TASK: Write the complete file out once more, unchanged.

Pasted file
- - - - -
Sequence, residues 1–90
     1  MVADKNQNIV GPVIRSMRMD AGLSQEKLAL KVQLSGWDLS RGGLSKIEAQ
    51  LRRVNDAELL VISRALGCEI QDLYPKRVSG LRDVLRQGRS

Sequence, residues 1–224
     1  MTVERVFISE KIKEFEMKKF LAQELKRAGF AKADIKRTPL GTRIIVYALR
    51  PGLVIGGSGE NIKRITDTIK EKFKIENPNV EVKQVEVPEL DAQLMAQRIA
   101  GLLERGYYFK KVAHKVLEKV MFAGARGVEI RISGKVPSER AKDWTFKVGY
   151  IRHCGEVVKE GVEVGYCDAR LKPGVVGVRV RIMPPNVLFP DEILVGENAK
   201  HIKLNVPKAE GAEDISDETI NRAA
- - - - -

Sequence, residues 1–90
     1  MVADKNQNIV GPVIRSMRMD AGLSQEKLAL KVQLSGWDLS RGGLSKIEAQ
    51  LRRVNDAELL VISRALGCEI QDLYPKRVSG LRDVLRQGRS

Sequence, residues 1–224
     1  MTVERVFISE KIKEFEMKKF LAQELKRAGF AKADIKRTPL GTRIIVYALR
    51  PGLVIGGSGE NIKRITDTIK EKFKIENPNV EVKQVEVPEL DAQLMAQRIA
   101  GLLERGYYFK KVAHKVLEKV MFAGARGVEI RISGKVPSER AKDWTFKVGY
   151  IRHCGEVVKE GVEVGYCDAR LKPGVVGVRV RIMPPNVLFP DEILVGENAK
   201  HIKLNVPKAE GAEDISDETI NRAA